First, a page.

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Imperial Red Cross Easter Egg

Imperial Red Cross Easter Egg

1915

firm of Peter Carl Fabergé

(Russian, 1846-1920)

firm of Henrik Wigström

(Russian, 1862-1923)

fabricated by

Gold, silver, enamel, glass, ivory

Overall: 8.6 x 6.4 cm (3 3/8 x 2 1/2 in.)

The India Early Minshall Collection 1963.673

Fun Fact

This egg was confiscated by the Bolsheviks during the Russian Revolution.

Description

Compared to other Fabergé eggs elaborately ornamented with jewels, this work reflects the mood of austerity in Russia during World War I with its design of two simple red enamel crosses, featuring miniatures of the tsar’s daughters Olga and Tatiana, over a white enamel background. When opened, the egg reveals a depiction of the Resurrection flanked by the patron saints of the two girls.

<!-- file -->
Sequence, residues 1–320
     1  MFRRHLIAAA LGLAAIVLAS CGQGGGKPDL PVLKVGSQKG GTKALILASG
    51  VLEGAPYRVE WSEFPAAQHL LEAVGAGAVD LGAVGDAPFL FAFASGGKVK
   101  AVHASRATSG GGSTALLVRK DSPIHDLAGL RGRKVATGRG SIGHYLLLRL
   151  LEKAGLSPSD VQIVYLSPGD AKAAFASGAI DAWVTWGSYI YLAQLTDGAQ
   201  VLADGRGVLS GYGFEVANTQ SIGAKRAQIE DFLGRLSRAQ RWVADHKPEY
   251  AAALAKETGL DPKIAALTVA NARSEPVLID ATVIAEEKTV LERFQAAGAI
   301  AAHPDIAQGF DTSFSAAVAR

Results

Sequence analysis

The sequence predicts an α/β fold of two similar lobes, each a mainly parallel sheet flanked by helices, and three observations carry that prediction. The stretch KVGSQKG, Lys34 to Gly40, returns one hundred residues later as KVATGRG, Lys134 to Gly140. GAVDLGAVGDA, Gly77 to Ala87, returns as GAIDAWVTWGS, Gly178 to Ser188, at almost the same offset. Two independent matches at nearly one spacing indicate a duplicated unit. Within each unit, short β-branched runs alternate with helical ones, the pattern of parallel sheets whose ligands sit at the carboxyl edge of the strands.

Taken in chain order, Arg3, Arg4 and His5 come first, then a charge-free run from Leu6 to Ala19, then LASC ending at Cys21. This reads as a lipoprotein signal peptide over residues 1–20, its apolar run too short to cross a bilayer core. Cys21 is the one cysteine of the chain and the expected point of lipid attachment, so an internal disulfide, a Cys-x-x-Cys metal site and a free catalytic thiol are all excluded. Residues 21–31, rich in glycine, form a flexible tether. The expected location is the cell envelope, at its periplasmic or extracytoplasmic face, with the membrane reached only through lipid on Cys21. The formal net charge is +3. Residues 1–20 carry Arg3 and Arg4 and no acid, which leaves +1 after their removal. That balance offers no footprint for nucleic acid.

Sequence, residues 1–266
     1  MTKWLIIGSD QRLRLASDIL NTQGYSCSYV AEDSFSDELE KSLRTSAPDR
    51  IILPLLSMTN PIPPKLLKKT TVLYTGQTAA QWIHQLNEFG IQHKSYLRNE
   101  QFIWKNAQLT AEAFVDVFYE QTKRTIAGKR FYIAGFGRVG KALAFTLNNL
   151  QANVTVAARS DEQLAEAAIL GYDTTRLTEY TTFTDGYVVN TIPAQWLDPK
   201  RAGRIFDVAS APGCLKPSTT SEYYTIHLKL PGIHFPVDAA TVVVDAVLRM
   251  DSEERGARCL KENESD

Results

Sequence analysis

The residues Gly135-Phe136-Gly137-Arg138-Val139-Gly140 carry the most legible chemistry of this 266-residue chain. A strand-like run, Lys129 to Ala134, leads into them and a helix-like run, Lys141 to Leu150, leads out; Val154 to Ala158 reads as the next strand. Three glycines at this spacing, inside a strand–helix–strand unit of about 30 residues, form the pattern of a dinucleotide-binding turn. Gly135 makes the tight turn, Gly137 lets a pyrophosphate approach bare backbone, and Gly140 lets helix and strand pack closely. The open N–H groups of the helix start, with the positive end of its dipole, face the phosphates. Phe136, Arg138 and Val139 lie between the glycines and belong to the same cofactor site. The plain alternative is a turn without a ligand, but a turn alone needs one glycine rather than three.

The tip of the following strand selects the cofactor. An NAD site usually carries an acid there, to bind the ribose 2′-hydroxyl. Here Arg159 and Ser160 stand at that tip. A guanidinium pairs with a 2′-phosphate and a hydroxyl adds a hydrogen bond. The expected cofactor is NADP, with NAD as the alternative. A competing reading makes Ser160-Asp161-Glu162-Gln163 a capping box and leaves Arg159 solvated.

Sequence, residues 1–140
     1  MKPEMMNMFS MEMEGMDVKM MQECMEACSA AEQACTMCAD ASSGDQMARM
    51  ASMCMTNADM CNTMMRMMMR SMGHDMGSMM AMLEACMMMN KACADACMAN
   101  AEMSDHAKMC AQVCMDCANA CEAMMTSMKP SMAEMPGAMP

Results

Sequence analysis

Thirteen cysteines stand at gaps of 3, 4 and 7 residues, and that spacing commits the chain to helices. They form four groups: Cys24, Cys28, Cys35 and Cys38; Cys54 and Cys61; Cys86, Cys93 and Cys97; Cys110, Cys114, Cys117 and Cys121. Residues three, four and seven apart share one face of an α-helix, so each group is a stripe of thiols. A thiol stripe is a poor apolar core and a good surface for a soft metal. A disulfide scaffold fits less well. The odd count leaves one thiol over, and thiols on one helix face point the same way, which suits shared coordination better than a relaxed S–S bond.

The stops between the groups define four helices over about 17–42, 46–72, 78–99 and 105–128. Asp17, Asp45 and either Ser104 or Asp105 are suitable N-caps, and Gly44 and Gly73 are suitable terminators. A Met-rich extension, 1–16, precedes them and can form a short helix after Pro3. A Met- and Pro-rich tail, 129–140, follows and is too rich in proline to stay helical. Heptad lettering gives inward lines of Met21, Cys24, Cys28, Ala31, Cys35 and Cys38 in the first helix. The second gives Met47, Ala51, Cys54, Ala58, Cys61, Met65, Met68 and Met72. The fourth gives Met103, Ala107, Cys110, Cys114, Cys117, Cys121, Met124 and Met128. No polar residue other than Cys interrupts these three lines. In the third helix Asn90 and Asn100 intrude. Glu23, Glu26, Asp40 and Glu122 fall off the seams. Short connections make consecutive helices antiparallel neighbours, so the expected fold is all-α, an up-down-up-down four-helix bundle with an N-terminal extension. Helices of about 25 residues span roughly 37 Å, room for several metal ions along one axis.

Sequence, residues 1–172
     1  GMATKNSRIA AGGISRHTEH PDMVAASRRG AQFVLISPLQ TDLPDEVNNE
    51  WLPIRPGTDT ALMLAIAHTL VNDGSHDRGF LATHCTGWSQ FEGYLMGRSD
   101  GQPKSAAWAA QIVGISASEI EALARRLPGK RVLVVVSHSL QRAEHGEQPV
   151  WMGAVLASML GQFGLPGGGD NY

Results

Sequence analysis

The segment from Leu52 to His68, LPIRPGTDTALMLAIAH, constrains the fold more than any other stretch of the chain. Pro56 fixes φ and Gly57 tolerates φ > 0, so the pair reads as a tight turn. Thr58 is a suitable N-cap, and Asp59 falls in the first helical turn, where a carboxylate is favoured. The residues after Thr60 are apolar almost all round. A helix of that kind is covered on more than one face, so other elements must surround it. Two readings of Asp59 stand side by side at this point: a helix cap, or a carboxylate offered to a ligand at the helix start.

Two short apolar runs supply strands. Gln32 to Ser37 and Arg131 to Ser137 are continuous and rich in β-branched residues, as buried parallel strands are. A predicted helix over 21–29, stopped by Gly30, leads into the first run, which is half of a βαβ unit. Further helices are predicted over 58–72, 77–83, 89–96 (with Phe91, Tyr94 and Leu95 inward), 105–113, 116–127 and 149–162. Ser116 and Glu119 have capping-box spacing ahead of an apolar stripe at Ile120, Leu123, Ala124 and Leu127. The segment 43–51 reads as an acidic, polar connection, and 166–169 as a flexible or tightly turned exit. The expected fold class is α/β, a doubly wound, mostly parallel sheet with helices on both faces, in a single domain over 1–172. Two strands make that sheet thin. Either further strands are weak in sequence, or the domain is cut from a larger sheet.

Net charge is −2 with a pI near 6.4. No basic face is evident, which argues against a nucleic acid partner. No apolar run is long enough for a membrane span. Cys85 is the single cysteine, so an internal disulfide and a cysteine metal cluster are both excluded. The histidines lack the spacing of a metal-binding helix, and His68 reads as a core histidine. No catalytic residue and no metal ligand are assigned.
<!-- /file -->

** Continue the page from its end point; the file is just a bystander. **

Fabergé created this work in 1915 for Tsar Nicholas to present to his wife, Alexandra, following the Russian Orthodox custom of giving decorated eggs at Easter. This very personal gift honors the service of the tsarina and her daughters as Red Cross Sisters of Mercy since they had begun that year to care for wounded soldiers within the imperial palaces.

See also

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